Overview of the Structure & Function of Hen Egg-White
Lysozyme is a relatively small (129 AA) enzyme that catalyzes the hydrolysis of specific kinds of polysaccharides comprising the cell walls of bacteria.
In birds, lysozyme is an exceptionally abundant protein in fowl egg whites where it likely functions both as an antibiotic (see below) as well as a nutrient for early embryogenesis. In vertebrates, this "glycosidase" is found mainly in biological secretions (such as tears) where it probably serves as an anti-bacterial agent by digesting and weakening the rigid bacterial cell wall, thereby rendering the bacterial susceptible to osmotic lysis. The effect of lysozyme is similar to the effect of penicillin which also weakens the cell walls of bacteria only by irreversibly inhibiting a transpeptidase enzyme required for crosslinking peptidoglycan macromolecules formed in the biosynthesis of the cell wall. Under normal conditions, bacteria grow very rapidly in some cases doubling more than once in an hour. However, when cell wall crosslinking is disrupted, bacteria tend to lyse in hypotonic media as a result of the mechanical weakening of their cell walls.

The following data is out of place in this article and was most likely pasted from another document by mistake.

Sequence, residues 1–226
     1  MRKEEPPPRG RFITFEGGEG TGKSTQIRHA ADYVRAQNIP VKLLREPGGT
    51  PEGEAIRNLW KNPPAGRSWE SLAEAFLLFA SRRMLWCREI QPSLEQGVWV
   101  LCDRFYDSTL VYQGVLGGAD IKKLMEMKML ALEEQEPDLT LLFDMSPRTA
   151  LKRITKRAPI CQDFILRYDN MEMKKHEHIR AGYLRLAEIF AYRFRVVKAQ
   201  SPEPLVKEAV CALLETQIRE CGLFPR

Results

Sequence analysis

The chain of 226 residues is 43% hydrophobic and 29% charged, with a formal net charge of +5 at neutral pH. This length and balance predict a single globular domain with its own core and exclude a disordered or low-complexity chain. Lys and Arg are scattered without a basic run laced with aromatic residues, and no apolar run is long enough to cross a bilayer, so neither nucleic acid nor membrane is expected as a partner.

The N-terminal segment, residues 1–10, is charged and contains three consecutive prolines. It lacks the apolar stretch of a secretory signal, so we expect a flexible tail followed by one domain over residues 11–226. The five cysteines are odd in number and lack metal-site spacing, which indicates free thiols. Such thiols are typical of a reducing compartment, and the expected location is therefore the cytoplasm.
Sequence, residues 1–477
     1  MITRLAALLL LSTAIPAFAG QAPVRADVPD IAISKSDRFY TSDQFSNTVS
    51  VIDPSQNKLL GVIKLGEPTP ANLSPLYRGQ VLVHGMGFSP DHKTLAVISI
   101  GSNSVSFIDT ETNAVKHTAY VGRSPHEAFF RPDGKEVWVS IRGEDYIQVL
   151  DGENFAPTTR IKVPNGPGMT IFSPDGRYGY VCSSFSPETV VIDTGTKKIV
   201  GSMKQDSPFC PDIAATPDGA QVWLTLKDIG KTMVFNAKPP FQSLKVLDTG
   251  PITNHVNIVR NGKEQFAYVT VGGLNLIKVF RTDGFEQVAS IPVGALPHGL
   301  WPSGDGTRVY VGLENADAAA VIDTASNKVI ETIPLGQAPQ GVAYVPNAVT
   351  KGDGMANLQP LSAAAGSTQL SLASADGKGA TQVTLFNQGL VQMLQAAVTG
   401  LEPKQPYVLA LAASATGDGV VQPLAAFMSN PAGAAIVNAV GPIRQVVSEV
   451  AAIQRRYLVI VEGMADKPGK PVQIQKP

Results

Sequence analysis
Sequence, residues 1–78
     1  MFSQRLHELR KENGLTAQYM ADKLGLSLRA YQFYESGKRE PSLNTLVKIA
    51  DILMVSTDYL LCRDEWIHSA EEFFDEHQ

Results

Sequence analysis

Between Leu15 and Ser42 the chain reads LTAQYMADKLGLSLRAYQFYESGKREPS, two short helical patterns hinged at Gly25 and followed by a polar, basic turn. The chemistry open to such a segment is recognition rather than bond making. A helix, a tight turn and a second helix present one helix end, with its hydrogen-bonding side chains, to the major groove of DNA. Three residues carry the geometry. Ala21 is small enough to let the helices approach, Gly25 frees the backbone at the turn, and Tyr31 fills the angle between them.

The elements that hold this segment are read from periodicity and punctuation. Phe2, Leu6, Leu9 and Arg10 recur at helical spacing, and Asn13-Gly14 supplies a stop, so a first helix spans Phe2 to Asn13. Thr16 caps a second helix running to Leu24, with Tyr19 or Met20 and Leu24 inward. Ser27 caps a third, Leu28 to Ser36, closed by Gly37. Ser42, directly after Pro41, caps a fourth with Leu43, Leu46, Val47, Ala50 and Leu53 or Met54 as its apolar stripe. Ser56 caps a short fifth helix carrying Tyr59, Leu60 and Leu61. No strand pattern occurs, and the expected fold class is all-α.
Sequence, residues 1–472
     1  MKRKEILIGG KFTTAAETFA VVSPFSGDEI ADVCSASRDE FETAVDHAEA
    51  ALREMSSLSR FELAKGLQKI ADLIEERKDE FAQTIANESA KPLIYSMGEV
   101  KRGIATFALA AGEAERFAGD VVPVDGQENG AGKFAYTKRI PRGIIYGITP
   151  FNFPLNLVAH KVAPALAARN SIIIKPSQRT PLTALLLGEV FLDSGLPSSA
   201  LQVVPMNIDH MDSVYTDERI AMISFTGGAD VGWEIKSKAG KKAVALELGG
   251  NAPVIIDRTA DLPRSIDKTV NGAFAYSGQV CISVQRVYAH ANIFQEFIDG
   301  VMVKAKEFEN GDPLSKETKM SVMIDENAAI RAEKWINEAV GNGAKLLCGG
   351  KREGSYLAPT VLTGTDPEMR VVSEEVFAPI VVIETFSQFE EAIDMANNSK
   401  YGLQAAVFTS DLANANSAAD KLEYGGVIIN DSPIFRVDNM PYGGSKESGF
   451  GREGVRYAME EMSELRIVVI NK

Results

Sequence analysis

Lysozyme hydrolyzes a number of structurally similar substrates but the best known substrates for this enzyme are alternating polysaccharide copolymers of N-acetyl glucosamine (NAG) and N-acetyl muramic acid (NAM) which represent the "unit" polysaccharide structure of many bacterial cell walls. Lysozyme cleaves at b(1-4) glycosidic linkage, connecting the C1 carbon of NAM to the C4 carbon of NAG. The optimal substrate is a (NAG-NAM)3 hexasaccharide, with lysozyme cleaving at the NAM4-b-O-NAG5 glycosidic bond. The active site of lysozyme includes binding sites for each sugar ring of the hexasaccharide, these being designated sites "A" through "F." Thus, lysozyme preferentially cleaves at the glycosidic bond connecting ring "D" to ring "E" of the hexasaccharides.
Extended polysaccharide binding site of hen egg white lysozyme. Six sugar monomer binding pockets are indicated, A-F, and the sidechains of two catalytic residues, Glu35 (green) and Asp52 (yellow), are indicated as well as the sidechains of Trp62 (magenta) and Trp63 (orange) which line binding pockets A-C.
Smaller saccharides are effective competitive inhibitors of lysozyme. One such inhibitor, as examined in this web page exercise, is the trisaccharide, NAG3. Tri-NAG binds most efficiently to the saccharide binding sites "A-C" and thus it is positioned away from the key catalytic residues of lysozyme -- namely Glu35 and Asp52 -- which are logically located near the junction between the "D" and "E" binding sites where lysozyme cleaves.
Click on the image below to open the lysozyme web page for further examination of this enzyme's properties.
|©||Duane W. Sears|
|February 24, 2019|